Shops and businesses in Downham Market have joined forces with the West Norfolk Deaf Association (WNDA) to raise awareness of issues faced by members of the deaf community.
The charity, based in King’s Lynn, runs No8 The Old Bookshop in Downham and volunteers there have been spreading the word with its neighbours to highlight the challenges posed by face masks to people who lip read.
Two service-users started the project and it has coincided with Deaf Awareness Week which started on Monday.
The WNDA joined forces with the Local People Project in the borough, which is supported by Scope and funded by the People’s Health Trust, to provide businesses with Deaf Awareness packs.
The packs include signs encouraging people to indicate if they need to lip read so staff are aware and can help. They also contain a couple of clear masks to use, a leaflet about finger-spelling and tips on communicating with those who have hearing difficulties.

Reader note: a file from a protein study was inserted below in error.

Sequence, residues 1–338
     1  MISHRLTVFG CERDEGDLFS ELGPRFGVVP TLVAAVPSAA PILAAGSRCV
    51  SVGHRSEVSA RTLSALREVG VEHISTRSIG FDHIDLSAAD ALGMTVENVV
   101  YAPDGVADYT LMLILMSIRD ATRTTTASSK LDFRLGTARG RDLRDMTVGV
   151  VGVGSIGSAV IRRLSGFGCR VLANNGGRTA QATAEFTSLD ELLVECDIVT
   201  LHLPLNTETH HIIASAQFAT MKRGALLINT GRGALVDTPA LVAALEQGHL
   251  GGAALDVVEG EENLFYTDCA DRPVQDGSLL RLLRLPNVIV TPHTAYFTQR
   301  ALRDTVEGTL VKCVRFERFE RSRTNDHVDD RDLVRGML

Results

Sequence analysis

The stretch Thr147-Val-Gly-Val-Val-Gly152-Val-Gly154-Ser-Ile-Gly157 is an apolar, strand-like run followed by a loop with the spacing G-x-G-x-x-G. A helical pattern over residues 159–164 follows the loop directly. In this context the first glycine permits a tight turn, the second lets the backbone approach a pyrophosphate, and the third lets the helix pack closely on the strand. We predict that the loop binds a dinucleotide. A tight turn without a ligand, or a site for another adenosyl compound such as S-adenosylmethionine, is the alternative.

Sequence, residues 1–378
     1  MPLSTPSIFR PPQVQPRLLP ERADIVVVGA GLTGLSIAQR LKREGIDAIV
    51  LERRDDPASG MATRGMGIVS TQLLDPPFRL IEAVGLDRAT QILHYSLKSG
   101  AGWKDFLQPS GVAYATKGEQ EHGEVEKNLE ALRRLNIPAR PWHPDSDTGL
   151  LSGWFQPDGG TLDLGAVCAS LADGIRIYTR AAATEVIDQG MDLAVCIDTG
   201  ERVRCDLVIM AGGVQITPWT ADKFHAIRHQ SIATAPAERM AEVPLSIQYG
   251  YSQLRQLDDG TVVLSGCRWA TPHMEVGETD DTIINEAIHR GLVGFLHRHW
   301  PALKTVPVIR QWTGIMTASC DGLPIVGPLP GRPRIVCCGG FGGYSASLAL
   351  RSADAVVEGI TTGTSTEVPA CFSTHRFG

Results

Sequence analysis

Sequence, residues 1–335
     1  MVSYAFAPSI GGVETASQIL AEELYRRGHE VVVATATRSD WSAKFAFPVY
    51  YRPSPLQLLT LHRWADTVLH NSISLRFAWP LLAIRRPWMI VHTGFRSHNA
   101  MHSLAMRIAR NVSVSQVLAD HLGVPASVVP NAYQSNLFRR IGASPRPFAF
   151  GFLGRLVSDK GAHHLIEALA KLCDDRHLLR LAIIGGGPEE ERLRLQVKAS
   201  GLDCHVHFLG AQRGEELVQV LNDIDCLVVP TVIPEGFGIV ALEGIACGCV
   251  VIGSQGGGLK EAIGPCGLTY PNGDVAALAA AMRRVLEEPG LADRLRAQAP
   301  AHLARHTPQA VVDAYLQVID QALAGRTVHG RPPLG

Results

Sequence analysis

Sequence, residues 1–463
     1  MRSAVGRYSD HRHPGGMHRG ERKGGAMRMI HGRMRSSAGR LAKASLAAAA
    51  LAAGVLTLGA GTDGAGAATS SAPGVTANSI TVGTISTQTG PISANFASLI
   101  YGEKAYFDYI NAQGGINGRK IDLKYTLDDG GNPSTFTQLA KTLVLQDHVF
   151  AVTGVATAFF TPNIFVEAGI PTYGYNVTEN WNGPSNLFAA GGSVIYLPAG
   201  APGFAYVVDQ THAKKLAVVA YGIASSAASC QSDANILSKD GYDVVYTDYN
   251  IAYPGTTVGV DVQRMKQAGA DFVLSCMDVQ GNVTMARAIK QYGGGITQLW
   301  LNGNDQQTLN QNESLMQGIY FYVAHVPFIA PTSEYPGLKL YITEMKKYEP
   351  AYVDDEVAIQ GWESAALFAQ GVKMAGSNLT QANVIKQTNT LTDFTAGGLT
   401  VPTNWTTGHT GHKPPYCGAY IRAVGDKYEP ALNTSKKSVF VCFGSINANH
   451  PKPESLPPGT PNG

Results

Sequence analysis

“The pandemic has been tough for everyone, but for members of our community with hearing loss the situation is much worse,”said Sarah Cox,
manager of No8 The Old Bookshop.
“Many rely on lip reading either entirely, or to supplement whatever degree of hearing they have, so a mask is a huge barrier and not being able to communicate can lead to social isolation.
“We were grateful to receive funding to spread the word among our lovely neighbours in Downham and they have been incredibly supportive of us.”
Businesses to sign-up so far include Framin’ Art, Richard Gill Traditional Butcher, Morris Armitage, Beds of Paradise, Knots Timber Merchant and Salon at Charmed Interiors.
“Deaf Awareness issues need highlighting so anyone who deals with the public can be prepared to help when it is needed. We are organising Deaf Awareness courses for businesses and we will also be holding British Sign Language courses later this year at our Railway Road building when restrictions allow.
“We want to ensure that as many people as possible can help raise awareness and increase accessibility and inclusion,” added WNDA manager Anna Pugh.
“The pandemic brought many additional problems for our community and mask-wearing has been a huge issue which we hope can be mostly overcome with campaigns like this.”
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